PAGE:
Phil’s Forty, 17: Save the Arts


It’s 40 years this year since Phil Ascough, our most prolific freelance contributor, arrived in Hull to begin a new episode in his journalistic career. Having spent two years on the weekly Doncaster Gazette, Phil headed east to the Hull Daily Mail. Apart from three years on the Royal Gazette in Bermuda and a short spell at the Teesside Gazette, he’s been here ever since. He worked for the Yorkshire Post and the BBC before returning to the Mail and becoming business editor. He moved into sports media with the Press Association in Leeds and then Howden, and set up his own PR consultancy in 2010. To mark the anniversary he has set out to write 40 essays looking at his career, our city and its people.


Moved, experiences of the arts
HULL IS THIS editor – photographer Jerome Whittingham – interviewed 30 Hull ‘movers and shakers’ about when the arts had ‘moved’ them. The Moved project took place ahead of Hull UK City of Culture 2017. ‘Moved’ is an Untold Hull project, for Hull Libraries. Photos: Jerome Whittingham, @photomoments

A weekend Tweet from the Editor of this esteemed website set me – and hopefully many others – thinking when he flagged up the economic impact of Hull’s year as UK City of Culture and urged people to get behind the current national campaign to #SaveTheArts

The big stats for the year were total visitor numbers of more than six million and the value of tourism calculated at £300m. Over the longer term there was an increase in annual visitors to the city of 1.3 million since 2013, and nearly 800 new jobs created in the cultural and visitor economy over the same period, 

The figures came from the University of Hull’s impact report on Hull’s year as UK City of Culture and it’s likely the longer term impact was even stronger – many bar and restaurant operators will tell you that 2018 was more lucrative than 2017… before the wheels fell off.

I could go on about the various reasons for the collapse of the culture and hospitality sectors – they extend way beyond Covid-19 – but let’s not get too political. Concentrating on the here and now, we have performance venues closed, festivals cancelled, practitioners limited to showing their talents in online shows, tech crews and other backroom staff sitting idle.

When Malcolm Scott launched Fruit Trade Music back in 2013 it was with a dream of providing a platform for local talent and for young people who would never dream of taking to the stage but who could carve careers behind the scenes. It made a difference, as did the activities of The Warren. Their Three Minute Heroes project, which makes the important link between music and mental health, is another which has been hit by the lockdown.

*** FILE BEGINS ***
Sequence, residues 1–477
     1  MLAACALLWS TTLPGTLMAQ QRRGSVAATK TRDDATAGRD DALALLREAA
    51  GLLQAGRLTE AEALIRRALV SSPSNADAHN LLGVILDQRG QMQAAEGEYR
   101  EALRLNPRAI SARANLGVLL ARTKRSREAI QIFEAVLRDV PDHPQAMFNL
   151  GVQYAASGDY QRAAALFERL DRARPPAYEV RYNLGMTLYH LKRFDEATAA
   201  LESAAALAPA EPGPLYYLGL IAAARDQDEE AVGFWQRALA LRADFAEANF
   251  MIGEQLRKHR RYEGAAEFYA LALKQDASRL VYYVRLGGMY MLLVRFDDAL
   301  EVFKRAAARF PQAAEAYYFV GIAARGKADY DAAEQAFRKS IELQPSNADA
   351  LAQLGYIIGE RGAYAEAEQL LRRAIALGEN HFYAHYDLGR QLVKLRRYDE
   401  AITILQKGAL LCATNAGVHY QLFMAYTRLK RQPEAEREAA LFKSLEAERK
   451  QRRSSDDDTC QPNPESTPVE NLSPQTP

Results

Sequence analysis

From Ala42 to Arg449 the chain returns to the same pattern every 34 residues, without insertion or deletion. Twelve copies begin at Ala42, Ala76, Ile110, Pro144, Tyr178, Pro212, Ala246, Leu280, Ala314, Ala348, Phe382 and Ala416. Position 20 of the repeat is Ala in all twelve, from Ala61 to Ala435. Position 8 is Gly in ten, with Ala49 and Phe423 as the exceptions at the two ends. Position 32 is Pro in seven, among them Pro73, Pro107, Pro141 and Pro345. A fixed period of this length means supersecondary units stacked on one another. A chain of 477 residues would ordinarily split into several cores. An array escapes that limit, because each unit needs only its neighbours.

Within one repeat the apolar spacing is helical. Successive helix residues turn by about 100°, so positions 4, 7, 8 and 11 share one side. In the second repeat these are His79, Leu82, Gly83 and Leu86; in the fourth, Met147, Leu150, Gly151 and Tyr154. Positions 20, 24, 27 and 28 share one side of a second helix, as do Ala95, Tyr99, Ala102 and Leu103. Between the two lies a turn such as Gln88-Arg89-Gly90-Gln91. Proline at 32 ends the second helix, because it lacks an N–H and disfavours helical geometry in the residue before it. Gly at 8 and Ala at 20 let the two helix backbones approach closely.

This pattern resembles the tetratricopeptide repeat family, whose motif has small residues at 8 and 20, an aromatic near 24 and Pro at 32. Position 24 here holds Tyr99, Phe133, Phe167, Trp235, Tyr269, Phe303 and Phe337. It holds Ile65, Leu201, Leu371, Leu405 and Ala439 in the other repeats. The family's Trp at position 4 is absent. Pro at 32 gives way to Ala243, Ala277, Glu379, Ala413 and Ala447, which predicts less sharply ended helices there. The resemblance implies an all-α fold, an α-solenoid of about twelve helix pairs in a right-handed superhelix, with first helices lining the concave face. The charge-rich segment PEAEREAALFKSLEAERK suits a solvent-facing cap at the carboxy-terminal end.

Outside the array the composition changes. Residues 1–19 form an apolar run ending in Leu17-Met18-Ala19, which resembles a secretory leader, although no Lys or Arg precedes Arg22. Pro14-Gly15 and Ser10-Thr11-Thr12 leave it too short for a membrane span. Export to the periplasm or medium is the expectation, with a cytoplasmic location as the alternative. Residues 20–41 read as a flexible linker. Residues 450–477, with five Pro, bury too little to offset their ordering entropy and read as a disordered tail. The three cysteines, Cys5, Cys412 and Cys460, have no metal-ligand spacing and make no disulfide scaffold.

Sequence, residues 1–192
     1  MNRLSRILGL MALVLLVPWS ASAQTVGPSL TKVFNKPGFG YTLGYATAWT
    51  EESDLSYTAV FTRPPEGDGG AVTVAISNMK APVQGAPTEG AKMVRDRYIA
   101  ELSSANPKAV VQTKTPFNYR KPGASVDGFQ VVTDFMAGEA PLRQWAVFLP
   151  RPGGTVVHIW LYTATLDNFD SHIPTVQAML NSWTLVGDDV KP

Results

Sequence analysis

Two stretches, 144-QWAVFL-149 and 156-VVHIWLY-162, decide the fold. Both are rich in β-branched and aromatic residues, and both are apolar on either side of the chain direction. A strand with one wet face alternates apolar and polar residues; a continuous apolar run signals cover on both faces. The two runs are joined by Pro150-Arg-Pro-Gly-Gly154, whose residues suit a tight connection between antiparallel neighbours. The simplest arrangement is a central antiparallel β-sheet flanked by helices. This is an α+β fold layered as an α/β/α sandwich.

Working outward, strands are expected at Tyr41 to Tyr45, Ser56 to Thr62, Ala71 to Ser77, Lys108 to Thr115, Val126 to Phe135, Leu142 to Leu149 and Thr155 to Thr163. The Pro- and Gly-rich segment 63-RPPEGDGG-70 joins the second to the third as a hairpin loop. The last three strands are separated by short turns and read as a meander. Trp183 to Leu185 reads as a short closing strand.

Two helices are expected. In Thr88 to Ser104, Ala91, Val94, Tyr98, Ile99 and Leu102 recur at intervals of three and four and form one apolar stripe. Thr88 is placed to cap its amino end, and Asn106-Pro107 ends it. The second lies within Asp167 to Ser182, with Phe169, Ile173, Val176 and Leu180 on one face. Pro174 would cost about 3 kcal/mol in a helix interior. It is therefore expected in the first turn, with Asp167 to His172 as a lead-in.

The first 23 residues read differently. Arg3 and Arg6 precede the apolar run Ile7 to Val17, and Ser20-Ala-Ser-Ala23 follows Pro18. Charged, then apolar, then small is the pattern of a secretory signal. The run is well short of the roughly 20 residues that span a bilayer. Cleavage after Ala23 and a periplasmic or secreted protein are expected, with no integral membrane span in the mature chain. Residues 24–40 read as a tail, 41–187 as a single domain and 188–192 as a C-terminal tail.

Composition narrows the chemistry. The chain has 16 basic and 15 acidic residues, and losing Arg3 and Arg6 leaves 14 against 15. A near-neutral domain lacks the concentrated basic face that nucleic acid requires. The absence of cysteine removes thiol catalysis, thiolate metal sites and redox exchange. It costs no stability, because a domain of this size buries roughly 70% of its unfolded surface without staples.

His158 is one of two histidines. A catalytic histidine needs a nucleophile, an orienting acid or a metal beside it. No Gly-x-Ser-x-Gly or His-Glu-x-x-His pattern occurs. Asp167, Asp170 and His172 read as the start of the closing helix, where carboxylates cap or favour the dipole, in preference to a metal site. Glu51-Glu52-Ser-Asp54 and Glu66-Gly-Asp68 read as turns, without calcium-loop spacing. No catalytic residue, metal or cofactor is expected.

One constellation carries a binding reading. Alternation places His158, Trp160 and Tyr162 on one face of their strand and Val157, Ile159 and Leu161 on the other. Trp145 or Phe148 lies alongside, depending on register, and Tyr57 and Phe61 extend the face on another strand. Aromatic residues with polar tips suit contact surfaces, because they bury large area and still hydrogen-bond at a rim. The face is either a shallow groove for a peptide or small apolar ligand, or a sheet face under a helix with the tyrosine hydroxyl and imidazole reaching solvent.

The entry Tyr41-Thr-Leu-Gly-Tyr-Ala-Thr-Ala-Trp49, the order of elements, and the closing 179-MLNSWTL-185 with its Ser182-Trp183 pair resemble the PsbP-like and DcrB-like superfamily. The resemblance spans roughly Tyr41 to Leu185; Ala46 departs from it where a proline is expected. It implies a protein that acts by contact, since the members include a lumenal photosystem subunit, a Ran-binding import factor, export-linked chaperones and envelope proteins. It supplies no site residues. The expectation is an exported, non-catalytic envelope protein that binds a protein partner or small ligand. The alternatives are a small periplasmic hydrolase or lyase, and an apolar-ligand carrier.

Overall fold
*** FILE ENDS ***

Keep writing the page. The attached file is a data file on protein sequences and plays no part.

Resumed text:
Little did the Editor know when he was gazing into his Twitter ball that the Chancellor would announce plans for a support package for arts and culture worth £1.57bn. Or maybe he did. Maybe he has a hotline to the Treasury. Or maybe the government compensated for its failure to offer a slot to ask a question at one of those Downing Street briefings by leaking details of the announcement to HULL IS THIS as well as to the FT.

But all of that is as unlikely as the £1.57bn being enough to fix all the problems and of the cash trickling down from the Royal Albert Hall to the many independent artists, performers and other creatives who generally live and work hand-to-mouth and are finding it increasingly difficult to reach the latter with the former.

So the Editor’s tweet is as valid now as it was before the funding was leaked, and the reference to City of Culture more so given the confirmation that Coventry’s City of Culture term will be pushed back.

Never mind all that stuff about whether Hull is still City of Culture. The fact is it was City of Culture for 2017. There won’t be another until 2021 and for perfectly logical reasons Coventry doesn’t want to pick it up until May.

Let’s see if we can fill the vacuum, find some cash from the public and private sectors and put on a few events which showcase the skills of our local, independent creatives, many of whom didn’t get a fair crack of the whip first time round.

Yes it will cost money but, as those stats from the University illustrate, arts and culture more than pays its way.

For another example cast your mind back ten years to Larkin with Toads. Yes, it really is that long ago!

The 40 giant fibreglass toads landed on the streets of the city on 17 July 2010 and stuck around until 25 September. That evaluation report shows that more than 120,000 people took part in the toad trail, 83 per cent of cafes, restaurants and sandwich shops sited near a toad saw an increase in customer numbers.

The shift in public opinion was remarkable. Led by a sceptical media many people resisted the idea and some were vociferous in opposition to spending public money on models of toads in difficult times. Thankfully, business responded, Larkin with Toads became reality and the people loved it.

The evaluation found that 73 per cent of people through the toads were good. The 10 per cent who thought they were bad are probably still at home sulking. The idea of further public art interventions was backed by 90 per cent of respondents.

Independent research found that Larkin with Toads generated half a million quid for the local economy and the PR value totted up to another half million. With 2022 marking the centenary of Philip Larkin’s birth I reckon we should bring the toads out of hibernation. Maybe even put a toad on the moon.

But certainly, absolutely, definitely come up with some cool stuff in our city, use whatever comes our way from the Chancellor, come up with creative ways to find a bit more and do all we can to #SaveTheArts.

And for inspiration have a look at this: http://philiplarkin.com/larkin-with-toads/

Also, see the Editor’s Moved project here: Moved

Phil Ascough